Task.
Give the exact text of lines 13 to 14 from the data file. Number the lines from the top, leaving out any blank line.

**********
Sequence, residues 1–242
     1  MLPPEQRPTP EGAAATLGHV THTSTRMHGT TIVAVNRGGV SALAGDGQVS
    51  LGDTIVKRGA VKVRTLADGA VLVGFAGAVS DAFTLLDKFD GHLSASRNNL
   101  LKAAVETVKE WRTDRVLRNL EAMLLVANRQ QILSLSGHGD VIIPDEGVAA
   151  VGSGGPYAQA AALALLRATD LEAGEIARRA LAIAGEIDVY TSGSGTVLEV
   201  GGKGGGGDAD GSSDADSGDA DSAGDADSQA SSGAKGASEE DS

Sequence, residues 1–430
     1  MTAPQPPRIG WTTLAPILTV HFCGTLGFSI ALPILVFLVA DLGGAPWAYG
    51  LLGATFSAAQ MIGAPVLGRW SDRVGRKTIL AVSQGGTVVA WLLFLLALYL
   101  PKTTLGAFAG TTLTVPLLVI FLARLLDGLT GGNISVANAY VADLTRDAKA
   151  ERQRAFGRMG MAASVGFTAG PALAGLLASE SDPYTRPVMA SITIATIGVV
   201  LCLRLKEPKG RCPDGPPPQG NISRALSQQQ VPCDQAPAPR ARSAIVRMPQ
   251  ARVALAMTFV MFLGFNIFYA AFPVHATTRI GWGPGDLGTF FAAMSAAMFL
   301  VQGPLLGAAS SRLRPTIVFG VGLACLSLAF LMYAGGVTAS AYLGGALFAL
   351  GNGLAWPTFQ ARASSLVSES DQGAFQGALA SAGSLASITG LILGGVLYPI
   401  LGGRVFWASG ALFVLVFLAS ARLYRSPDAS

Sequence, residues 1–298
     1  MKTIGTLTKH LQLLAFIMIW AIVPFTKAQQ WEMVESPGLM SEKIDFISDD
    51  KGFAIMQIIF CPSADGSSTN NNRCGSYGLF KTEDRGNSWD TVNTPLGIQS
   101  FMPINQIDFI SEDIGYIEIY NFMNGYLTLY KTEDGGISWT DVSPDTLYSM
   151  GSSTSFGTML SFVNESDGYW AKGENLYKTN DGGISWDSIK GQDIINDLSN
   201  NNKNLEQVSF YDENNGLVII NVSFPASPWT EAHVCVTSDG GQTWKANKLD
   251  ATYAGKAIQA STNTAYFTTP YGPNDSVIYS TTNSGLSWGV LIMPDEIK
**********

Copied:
   251  ARVALAMTFV MFLGFNIFYA AFPVHATTRI GWGPGDLGTF FAAMSAAMFL
   301  VQGPLLGAAS SRLRPTIVFG VGLACLSLAF LMYAGGVTAS AYLGGALFAL